4) What can we expect from your upcoming edition of Thelwall’s Selected Poetry and Poetics?
The book is coming out March 12, and I think that readers will be surprised by both the range and the quality of Thelwall’s poetry, which connects his many interests and identities: his poetic voices and forms are as various as his polymathic vocations. The roughly 125 poems and essays I’ve selected draw equally from the unpublished Derby MS and his publications, which are more numerous than scholars have realized (five volumes of verse between 1787 and 1822, along with many periodicals, miscellanies and anthologies–and that doesn’t even include the poems he recited at thousands of lectures over more than 25 years). I’m able to reprint only about a quarter of his total verse output, and there were so many really good pieces I was forced to cut or excerpt radically, but it is still broadly representative. Loosely following Thelwall’s own instructions, the book is organized by genre and chronology into eight chapters, starting with pastorals, and moving through comic ballads and satires, sonnets, odes of various kinds, excerpts from his epic, and autobiographies. Each chapter has a headnote introducing the genre, followed by a relevant essay by Thelwall, and there are brief headnotes to each poem or sequence, as well as explanatory footnotes. Another surprising feature of the edition is the number of love poems Thelwall wrote; he looks ahead to Brecht by combining radical politics and eros in ways that beg to be explored further. Much of his work is also autobiographical, and in the introductory chapter to the Poems edition I sketch the first complete biography of Thelwall, focusing on “the dawn and progress of a poetic mind.” I also endeavour to explain his challenging and idiosyncratic elocutionary poetics. This edition connects with other recent work on voice, sound and performance in romantic poetry, and will, I hope, inspire a reassessment of elocution as, among other things, part of an unacknowledged romantic ancestry for contemporary political spoken-word art.
5) What are you planning to work on once the poetry edition is complete?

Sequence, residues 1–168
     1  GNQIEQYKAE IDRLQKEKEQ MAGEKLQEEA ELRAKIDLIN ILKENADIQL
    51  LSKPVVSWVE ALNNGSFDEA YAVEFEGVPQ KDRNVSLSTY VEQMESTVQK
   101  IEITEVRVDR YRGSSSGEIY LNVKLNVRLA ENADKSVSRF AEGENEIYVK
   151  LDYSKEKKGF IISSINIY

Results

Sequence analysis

I’ve already started my next (and final) big project, which is the first full biography of Thelwall. I guess I’ve been working on it since I first started working on him, but it’s only recently that I’ve realized that this seems to be my destiny (if that makes Thelwall my Darth Vader, so be it). It was long thought that the missing Cestre materials posed an insurmountable impediment to any Thelwall biography, but with the discovery of the Derby MS, and letters and other archival materials beginning to come out of the woodwork, I think the time is right—though obviously it is going to take me several more years of peripatetic research and lots of collaborative correspondence. Hand in hand with the biographical project is a continuing editorial/archival one; with the help of grad students who I’m actively recruiting (here’s a shout-out to all prospective applicants reading this blog: Dalhousie wants you), I want to revive my dormant Thelwall website and begin to produce good digital critical editions of many of his works that remain unpublished, including poems I was not able to include in my forthcoming print volume. I also have a embryonic plan to develop workshop-excursions and teaching resources, live and virtual, to explore and extend the possibilities of Thelwall’s methods of peripatetic, elocutionary reading and/in public activism. Of course I will continue to cull and develop shorter articles from among that bulging sheaf of emails—right now I am writing a Thelwall ghost story, exploring the limits of historical biography by focusing on what we can and cannot know about what happened at #57 Lincoln’s Inn Fields in the haunted summer of 1816. I am also exploring intersections of gender and genre in relation to Thelwall’s turn-of-the-century transition from seditious to seductive allegory. All in all, there’s enough there to take me to retirement and beyond.